Friday, January 26, 2018

Cigarette-tax advocates say it would reduce smoking by pregnant women, a bad behavior in which Kentucky leads the nation

By Melissa Patrick
Kentucky Health News

FRANKFORT, Ky. -- The best way to help pregnant women in Kentucky stop smoking is to increase the cigarette tax by $1, to $1.60. That was the main message at the Coalition for a Smoke-Free Tomorrow's Jan. 23 rally at the state Capitol.

Ben Chandler, chair of the coalition and the president and CEO of the Foundation for a Healthy Kentucky, told the small crowd that such an increase would result in nearly 6,000 fewer smoking-affected pregnancies and births over the next five years in the Commonwealth.

"Think of that: more than 1,000 Kentucky babies every year who are healthier because they were not exposed to the toxins in cigarettes while they grew and developed in the womb," Chandler said.

He added that Kentucky has the highest rate of smoking during pregnancy in the nation, with more than one in five pregnant women in the state smoking cigarettes at some time during their pregnancy. The national rate is 8 percent. That rate is even higher in 35 counties, 30 percent. And in four counties -- Clay, Jackson, Lee and Owsley -- it exceeds 41 percent.

Misti Williams tells how she quit smoking during her pregnancy
at a Coalition for a Smokefree Tomorrow rally. (Coalition photo)
Misti Williams, pregnant with her fifth child, said she smoked during her previous pregnancies, but decided she would quit when she learned of her current pregnancy. Her baby is due in a few weeks and she said she hasn't smoked since July.

"I want something radically different for this child," she said after the rally.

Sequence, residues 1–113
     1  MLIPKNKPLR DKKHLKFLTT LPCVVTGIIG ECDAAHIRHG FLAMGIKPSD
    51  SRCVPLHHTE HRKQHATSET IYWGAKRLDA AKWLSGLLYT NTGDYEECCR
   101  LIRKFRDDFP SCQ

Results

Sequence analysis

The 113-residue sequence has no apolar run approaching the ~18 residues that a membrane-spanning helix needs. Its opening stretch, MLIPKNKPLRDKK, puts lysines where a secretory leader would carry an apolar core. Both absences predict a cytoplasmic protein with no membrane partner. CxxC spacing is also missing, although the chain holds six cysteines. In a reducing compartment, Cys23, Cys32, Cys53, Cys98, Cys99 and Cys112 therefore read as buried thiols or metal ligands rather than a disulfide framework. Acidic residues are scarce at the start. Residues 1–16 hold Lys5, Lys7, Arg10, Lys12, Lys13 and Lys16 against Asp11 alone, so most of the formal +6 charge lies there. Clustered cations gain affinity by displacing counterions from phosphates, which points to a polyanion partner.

The 31-year-old Lexington woman attributed her success to her participation in a smoking-cessation program, which offered both counseling and an alternative list of activities to do when she had the urge to smoke. She said she uses that list as her screen-saver on her cell phone.

Williams talked about how hard it was to quit, but said every day she didn't smoke was a victory and she wants to encourage other pregnant women to keep trying, even if they relapse.

"I want to help other women who don't think it's possible," she said after the rally.

Smoking during pregnancy can cause miscarriage, premature birth, low birth weight, a variety of birth defects and even infant death, according to the federal Centers for Disease Control and Prevention.

Chandler also pointed out that pregnant smokers are also a budget issue because of the added expense incurred by the state to care for many of these infants, noting that women who smoke during pregnancy are two and a half times more likely to be on Medicaid.
Amanda Fallin-Bennett, a tobacco-control researcher in the University of Kentucky College of Nursing, said that while access to tobacco-cessation treatment is important for women who want to quit smoking during pregnancy, raising the cigarette tax by at least $1 would be more effective.

"Research shows that the most effective way to reduce smoking is raising the tobacco tax," Fallin-Bennett said. "In fact pregnant women along with kids are particularly likely to quit or reduce their smoking when the price goes up."

The CDC says: "A $1 increase in cigarette taxes increased quit rates among pregnant women by 5 percentage points. Higher cigarette prices also reduced the number of women who start smoking again after delivery."

Angela Brumley-Shelton, a tobacco coordinator with the Lexington-Fayette County Health Department, said that while researchers know that exposure to maternal smoking and second-hand smoke after birth puts an infant at a higher risk of death, they are still working to determine exactly why that is. "But in Kentucky, we know that it is one of the most consistent risk," she said.

Pregnant women who want to quit smoking should talk to their health care provider about quitting. The state tobacco quit line (1-800-QUIT-NOW or 1-800-784-8669) also offers special services and counseling for pregnant women and for those who have recently delivered. Click here to learn more about the state's quit line. The Smokefree Women website also offers tips and tools to help pregnant women quit smoking.

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